Chile’s constitution is a legacy of the Pinochet dictatorship and has come to symbolise the embedded inequalities that sparked a year of mounting popular protests.
The plebiscite on 25 October must determine whether to start the process of drawing up a new constitution and how the process will be conducted.
Even if the plebiscite endorses both the change and the establishment of a constituent assembly, many in the popular movements fear that they will be excluded and the old, discredited political parties will manipulate the process.
On the day after the vote we explore what the results mean for the future of democracy in Chile.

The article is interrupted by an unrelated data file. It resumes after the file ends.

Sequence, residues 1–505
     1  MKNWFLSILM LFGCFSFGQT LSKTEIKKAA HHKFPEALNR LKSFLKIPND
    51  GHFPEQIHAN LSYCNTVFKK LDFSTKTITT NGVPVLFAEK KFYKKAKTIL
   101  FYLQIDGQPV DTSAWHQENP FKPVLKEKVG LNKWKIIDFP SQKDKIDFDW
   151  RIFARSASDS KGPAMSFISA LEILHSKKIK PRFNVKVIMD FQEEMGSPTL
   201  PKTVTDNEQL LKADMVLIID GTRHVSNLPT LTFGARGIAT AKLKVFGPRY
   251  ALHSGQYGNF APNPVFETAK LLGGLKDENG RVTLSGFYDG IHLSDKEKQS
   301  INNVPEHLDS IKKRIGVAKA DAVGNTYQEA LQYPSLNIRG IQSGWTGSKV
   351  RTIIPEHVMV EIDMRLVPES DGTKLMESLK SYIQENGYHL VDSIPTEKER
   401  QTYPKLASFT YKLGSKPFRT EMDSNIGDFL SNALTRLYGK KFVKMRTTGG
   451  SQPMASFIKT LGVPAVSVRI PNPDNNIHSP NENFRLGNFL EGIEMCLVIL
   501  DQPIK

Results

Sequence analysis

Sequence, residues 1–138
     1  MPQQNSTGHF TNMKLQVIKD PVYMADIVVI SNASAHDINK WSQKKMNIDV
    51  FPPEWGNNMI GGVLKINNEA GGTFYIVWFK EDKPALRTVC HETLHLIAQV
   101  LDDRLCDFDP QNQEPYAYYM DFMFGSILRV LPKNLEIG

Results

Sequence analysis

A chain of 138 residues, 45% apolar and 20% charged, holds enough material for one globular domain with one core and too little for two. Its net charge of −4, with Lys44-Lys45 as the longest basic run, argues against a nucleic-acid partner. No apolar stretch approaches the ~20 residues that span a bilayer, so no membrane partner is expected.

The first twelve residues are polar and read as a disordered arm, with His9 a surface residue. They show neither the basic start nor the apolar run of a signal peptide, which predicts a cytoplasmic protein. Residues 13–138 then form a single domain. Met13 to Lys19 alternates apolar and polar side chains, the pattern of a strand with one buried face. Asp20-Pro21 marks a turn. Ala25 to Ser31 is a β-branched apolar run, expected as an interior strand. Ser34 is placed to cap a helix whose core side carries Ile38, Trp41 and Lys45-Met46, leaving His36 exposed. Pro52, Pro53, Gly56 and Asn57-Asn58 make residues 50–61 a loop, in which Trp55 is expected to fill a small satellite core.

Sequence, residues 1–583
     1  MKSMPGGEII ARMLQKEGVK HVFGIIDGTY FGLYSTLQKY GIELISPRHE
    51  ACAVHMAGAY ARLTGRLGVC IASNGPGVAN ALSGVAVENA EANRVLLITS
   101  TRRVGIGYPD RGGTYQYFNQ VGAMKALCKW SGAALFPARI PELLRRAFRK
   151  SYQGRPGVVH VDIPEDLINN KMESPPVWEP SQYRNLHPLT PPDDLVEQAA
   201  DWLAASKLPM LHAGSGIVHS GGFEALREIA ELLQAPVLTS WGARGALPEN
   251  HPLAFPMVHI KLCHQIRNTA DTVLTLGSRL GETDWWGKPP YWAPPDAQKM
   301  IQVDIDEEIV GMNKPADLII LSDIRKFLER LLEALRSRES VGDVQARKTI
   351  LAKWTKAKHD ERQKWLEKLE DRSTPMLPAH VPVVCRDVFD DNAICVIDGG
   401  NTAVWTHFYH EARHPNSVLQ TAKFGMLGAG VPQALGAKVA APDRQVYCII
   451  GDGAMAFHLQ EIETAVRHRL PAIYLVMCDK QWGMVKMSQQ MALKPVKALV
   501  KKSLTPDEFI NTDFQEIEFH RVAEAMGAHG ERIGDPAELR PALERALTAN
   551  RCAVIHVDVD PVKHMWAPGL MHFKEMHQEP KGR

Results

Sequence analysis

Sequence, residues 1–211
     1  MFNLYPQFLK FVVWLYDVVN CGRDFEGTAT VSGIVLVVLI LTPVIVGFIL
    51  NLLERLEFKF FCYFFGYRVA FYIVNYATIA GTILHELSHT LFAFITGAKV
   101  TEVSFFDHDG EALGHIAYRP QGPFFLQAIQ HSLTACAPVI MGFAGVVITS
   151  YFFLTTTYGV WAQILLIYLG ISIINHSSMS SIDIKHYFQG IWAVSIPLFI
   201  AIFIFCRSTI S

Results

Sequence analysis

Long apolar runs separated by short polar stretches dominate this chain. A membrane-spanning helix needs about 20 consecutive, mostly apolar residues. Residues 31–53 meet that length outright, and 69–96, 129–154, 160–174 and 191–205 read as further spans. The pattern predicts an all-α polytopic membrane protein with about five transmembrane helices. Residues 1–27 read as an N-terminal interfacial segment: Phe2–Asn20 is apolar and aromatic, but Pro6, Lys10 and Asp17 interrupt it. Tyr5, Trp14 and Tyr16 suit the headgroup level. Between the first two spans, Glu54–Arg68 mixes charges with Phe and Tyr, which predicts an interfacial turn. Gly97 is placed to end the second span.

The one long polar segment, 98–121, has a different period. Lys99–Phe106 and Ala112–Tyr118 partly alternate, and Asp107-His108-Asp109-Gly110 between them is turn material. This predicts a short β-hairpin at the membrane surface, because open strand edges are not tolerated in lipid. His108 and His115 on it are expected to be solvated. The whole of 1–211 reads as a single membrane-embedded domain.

– Héctor Ríos Jara is Phd research student in social science at University College London, University of London. He is currently based in Chile and is a member of Social Theory and Latin American thought (CLACSO) and the Chilean London Assembly (Asamblea Chilena en Londres).
Chaired by Pablo Navarrete (Alborada co-editor)
– 8.15pm-9.15pm (London)
– 5.15pm-6.15pm (Santiago)
– 1.15pm-2.15pm (Los Angeles)
– 7.15am-8.15am (Tuesday 27 October, Sydney)
The event runs from 8.30pm to 9.15pm London time but the waiting room will be open from 8.15pm. A Chilean music playlist will be played before the event.